As alluded to in the previous section, many patients experience acute pain in the PACU and may require prolonged pain management after being admitted to the hospital after a surgical procedure. While the need for a repeat regional block has been discussed, some patients may require complex medication management that consists of both nonopioid and opioid agents; multimodal adjuvant “cocktails” are extremely beneficial as they minimize side-effects by utilizing multiple agents at smaller doses. Additionally, patients may also require active management of an indwelling regional block catheter or neuraxial catheter. Creation of anesthesia-led pain management teams should be efficiently coordinated to overlap with the provision of other services to yield value-based care with positive fiscal impact.

“The opportunity to affect the health system’s bottom line through actions taken in the procedural space is immense. By maximizing throughput, anesthesiologists can drive revenue and minimize currently exorbitant labor costs, leading to financial gain for the health care system.”

Patients with complex pain syndromes or postoperative pain management tolerance will require a plan for transition to home care consisting solely of oral medications. In coordination with the surgical team, anesthesiologists can play an active role in determining their path for pain management that will facilitate timely discharge, as well as avoiding readmissions.

PACU anesthesiologist

The PACU remains one of the most highly variable sectors of anesthesia care with regard to staffing models, availability, safety, and fiscal viability. While the majority of functions that an anesthesiologist may perform in the PACU setting are not reimbursable, it is imperative to create a paradigm that allows for physician participation, while understanding the fiscal impact of workforce allocation to this sector. Most medical centers or ambulatory surgery centers coordinate PACU anesthesiologist participation with other roles such as “board runner,” carrying the code beeper, attending to acute and chronic pain management issues, and acting as additional OR personnel during emergency situations.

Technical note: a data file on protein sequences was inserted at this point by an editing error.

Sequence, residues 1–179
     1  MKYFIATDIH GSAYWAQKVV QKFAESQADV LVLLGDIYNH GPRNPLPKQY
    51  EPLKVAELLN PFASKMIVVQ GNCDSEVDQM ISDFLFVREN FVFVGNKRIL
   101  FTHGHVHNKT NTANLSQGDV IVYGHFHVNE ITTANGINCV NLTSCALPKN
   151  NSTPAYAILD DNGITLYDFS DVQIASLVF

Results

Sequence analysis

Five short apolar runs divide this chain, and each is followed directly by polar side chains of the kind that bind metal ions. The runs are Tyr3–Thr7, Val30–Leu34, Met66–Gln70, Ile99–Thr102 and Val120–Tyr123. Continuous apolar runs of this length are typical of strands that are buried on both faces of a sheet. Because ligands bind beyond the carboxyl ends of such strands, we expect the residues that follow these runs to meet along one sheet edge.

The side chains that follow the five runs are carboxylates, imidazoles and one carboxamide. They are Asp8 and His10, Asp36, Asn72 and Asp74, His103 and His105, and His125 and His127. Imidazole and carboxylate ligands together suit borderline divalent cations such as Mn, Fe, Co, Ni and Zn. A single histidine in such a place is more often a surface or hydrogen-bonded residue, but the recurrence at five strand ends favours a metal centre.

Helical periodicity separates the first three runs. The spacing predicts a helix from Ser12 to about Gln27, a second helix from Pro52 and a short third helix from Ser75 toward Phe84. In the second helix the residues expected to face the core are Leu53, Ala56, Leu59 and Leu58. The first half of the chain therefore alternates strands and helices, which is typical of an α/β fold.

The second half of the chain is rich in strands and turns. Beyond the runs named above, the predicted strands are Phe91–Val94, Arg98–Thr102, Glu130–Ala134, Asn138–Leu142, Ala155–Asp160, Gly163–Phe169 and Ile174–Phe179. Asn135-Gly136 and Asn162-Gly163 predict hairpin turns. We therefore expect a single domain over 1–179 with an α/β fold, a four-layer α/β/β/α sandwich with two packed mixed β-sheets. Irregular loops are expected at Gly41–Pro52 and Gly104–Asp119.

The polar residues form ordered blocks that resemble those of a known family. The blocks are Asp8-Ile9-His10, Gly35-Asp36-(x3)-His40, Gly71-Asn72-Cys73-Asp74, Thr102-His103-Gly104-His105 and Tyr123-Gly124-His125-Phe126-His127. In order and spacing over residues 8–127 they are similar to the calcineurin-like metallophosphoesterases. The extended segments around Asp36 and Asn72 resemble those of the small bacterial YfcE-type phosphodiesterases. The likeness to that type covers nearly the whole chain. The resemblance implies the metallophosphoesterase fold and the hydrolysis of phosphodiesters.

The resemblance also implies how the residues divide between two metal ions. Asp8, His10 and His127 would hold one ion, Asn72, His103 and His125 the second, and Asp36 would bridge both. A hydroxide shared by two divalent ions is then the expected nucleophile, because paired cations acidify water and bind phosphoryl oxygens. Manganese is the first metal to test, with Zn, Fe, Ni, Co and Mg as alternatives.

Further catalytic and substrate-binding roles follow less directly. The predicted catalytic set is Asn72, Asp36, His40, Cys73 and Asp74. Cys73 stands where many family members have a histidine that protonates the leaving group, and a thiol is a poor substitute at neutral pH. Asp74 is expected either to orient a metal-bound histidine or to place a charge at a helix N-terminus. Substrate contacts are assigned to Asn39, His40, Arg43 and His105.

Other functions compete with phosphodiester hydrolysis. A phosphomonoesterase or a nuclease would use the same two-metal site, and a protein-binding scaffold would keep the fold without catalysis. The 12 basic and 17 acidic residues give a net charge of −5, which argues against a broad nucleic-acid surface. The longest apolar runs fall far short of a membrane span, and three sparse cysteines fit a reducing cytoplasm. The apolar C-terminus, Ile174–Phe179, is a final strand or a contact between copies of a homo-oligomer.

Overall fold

Multiple studies have demonstrated that rapid resolution of pain issues or timely response to emergency situations in the PACU lead to positive short- and long-term patient outcomes. Anesthesiologists explicitly act as specialty consultants themselves, and thereby can assess and diagnose complex underlying medical issues in the PACU. Many PACU patients are either too unstable to be discharged home or to the ward; therefore, anesthesiologist involvement can facilitate planning and transition to the intensive care unit or coordinate consultations with specialists for further specialty care prior to discharge. The role of anesthesiologists as medical consultants is often overlooked and should always be highlighted as a means of optimizing patient care, safety, and evidence-based synergy between the surgical team and other consultants.

Within all anesthesiology practice environments (independent private practice, employed models, or academia), administrative involvement is key to establishing the specialty as a key stakeholder within the health care system. Administrative opportunities are vast, including opportunities for clinical leadership, health system administration, and practice management. In each, the anesthesiologist adds a unique perspective and enhances their value beyond the OR.

Clinical practice opportunities may involve department leadership, beginning with section or division specialty leads (e.g., liaison to GI services), and ranging up to major clinical leadership positions (e.g., departmental chair). The central clinical perspective of an anesthesiologist allows for a unique clinical value add, especially when delivered in a team-based approach. Health system administration can often be an alternative avenue to direct clinical leadership, and this can specifically involve areas such as management of surgical services or involvement in the hospital C-suite. In each case, again, the “middleman” aspect of an anesthesiologist allows for opportune navigation of challenging issues. Lastly, involvement in one’s own practice, i.e., “running the business,” can ultimately filter to a system value add. By strengthening the model of anesthesia delivery, a practice can enhance operational throughput and quality of care.

Although anesthesiologists are often considered “providers” in the perioperative space, there is immense potential value in the variety of roles they serve in the health care system. This value begins early in the preoperative clinics they staff, continues with the quality care provided in the intra- and postoperative settings, and extends itself into the fabric of health care administration. The challenge for our specialty is promoting and translating the groundbreaking work into something understandable and appreciated by the other system stakeholders. Defining our value at a granular level is the first step in addressing this challenge.